It has been also observed that the ballistic design of the hybrid and electromagnetic drive systems are inflexible as to the lancing profiles they provide. In other words, there is very little ability to adjust the speed to the lancet during the extension and retraction strokes.
Considering lancets are usually disposable in nature, lancets are manufactured to be small and consequently light. As a result, the decreased mass of the lancet provides less momentum when the lancet is fired. The lower momentum adversely affects the ability of the lancet to puncture tissue.
The lancing systems and methods described herein alleviate these issues as well as others by using permanent magnets to initially store the potential energy that is converted to kinetic energy for extending the lancet during lancing. This self-powered lancing drive system eliminates the need for problematic springs and batteries. In other words, the lancing system is a pure permanent magnet drive is highly reliable under numerous operating conditions. Permanent magnets can produce stronger magnetic fields at smaller sizes as compared to electromagnets.
In another aspect, the lancing system has a drive permanent magnet that is kept fixed or stationary while the lancet magnet travels along the firing path. To put it another way, the permanent drive magnet that is at least stationary before the lancet punctures the skin as well as when the lancet is beneath the tissue. With the drive magnet being fixed, the lancet experiences fewer fluctuations in the magnetic field. Consequently, the lancet vibrates less and is driven straighter into the tissue. This also reduces vibrations when the lancet is within the skin and being withdrawn during the retraction stroke.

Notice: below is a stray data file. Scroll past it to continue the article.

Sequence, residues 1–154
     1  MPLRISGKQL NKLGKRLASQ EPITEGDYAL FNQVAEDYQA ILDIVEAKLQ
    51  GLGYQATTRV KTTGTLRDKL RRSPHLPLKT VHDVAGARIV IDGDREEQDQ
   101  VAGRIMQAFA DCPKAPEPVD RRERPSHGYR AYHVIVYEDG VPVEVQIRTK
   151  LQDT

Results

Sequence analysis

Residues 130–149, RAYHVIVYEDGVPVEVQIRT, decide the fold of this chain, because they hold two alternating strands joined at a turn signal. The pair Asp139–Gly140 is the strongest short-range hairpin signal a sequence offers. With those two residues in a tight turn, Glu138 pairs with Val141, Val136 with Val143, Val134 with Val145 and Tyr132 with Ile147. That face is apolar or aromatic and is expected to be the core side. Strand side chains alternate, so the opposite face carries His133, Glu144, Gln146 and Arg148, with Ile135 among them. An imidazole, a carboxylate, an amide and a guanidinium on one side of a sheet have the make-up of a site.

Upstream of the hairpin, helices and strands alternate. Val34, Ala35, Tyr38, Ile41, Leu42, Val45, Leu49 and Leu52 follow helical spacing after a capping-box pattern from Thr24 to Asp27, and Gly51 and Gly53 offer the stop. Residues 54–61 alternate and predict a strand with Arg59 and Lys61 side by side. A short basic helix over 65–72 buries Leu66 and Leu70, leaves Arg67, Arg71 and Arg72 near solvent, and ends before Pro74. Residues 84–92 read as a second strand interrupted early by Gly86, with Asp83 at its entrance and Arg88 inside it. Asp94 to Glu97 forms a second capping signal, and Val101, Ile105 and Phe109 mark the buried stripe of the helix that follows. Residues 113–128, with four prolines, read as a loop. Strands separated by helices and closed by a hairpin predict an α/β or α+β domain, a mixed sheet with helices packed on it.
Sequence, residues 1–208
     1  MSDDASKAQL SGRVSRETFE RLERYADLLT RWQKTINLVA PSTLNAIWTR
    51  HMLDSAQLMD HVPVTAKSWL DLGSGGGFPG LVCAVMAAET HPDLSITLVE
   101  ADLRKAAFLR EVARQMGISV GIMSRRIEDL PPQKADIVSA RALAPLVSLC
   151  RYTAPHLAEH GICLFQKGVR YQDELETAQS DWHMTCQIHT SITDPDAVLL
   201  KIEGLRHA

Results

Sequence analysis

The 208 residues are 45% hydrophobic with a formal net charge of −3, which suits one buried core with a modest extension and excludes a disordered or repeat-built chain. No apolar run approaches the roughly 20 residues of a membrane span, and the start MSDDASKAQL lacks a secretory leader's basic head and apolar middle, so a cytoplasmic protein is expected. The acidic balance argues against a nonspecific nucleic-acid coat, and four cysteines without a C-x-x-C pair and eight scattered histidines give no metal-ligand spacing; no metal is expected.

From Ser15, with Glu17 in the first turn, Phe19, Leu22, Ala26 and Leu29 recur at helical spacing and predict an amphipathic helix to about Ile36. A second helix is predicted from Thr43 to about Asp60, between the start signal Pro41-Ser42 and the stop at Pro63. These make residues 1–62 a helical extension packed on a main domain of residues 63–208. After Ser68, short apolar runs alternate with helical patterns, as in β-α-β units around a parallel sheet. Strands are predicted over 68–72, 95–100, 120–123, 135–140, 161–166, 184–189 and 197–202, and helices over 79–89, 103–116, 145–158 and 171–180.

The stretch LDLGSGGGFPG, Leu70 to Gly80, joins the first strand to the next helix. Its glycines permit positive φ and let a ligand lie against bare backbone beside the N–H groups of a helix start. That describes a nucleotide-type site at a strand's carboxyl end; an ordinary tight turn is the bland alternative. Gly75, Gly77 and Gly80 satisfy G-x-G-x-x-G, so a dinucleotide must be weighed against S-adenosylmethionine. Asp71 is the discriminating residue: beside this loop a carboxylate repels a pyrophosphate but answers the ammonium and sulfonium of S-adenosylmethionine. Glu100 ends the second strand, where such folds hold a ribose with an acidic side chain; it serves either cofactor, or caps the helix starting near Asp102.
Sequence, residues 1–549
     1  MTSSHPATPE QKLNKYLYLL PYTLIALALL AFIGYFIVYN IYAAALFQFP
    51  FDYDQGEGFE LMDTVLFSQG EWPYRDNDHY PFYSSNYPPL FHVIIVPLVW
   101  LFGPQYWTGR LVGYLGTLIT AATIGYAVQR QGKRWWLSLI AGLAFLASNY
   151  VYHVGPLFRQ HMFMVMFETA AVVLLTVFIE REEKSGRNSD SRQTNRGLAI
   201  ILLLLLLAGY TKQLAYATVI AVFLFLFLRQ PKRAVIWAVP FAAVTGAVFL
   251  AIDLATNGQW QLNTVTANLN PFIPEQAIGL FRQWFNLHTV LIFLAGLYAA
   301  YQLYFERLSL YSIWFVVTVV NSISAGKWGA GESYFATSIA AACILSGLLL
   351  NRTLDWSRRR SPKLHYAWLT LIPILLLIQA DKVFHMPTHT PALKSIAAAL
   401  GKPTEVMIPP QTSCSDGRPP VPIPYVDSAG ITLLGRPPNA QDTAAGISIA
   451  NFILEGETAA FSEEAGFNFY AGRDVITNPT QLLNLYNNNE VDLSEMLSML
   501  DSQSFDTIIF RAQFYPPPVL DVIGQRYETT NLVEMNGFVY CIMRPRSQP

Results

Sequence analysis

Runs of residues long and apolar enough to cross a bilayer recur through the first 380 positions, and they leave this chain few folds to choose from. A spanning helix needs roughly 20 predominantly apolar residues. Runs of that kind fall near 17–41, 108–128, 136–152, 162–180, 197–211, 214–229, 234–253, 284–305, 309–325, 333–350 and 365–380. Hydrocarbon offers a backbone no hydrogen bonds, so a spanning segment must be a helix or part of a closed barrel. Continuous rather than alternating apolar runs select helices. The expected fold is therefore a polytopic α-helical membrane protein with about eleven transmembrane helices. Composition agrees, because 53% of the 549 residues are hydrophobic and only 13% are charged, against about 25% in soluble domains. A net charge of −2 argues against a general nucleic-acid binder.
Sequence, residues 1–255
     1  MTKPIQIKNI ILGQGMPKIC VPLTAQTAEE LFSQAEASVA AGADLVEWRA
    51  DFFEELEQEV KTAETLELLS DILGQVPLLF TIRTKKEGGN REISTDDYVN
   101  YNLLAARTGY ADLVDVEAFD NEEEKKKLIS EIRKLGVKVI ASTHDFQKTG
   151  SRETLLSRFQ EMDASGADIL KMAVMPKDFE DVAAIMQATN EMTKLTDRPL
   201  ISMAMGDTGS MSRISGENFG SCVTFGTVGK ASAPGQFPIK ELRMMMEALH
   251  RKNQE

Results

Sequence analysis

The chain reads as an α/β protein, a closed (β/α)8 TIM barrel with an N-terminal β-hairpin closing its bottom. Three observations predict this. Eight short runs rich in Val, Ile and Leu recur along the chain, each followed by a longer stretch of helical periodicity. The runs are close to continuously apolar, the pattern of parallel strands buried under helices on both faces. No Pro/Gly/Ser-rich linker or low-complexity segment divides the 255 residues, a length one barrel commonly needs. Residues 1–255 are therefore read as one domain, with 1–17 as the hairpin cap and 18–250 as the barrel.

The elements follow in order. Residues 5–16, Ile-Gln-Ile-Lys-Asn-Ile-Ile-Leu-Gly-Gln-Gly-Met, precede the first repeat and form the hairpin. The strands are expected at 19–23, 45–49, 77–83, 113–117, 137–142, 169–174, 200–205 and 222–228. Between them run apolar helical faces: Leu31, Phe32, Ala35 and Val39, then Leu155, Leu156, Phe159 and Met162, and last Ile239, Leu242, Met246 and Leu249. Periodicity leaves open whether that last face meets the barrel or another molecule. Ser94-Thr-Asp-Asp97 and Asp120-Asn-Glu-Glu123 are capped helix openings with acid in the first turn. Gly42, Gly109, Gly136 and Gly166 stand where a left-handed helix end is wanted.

In the system, the magnet used to retract the lancet remains relatively close to the magnet attached to the lancet so that the retraction force applied is strong, thereby leading to more consistent penetration depths. In one example, the retraction magnet is positioned at the end of the firing path of the lancet, near the skin or other tissue. In another example, a mechanical structure keeps the magnets in close proximity. The mechanical structure in one form is a crank member that confines the magnets to a circular path. The crank mechanism provides a smooth lancing profile as well as facilitates adjustments to the lancing profile. These mechanical structures and/or linkages can also enhance the momentum for the relatively light disposable lancets.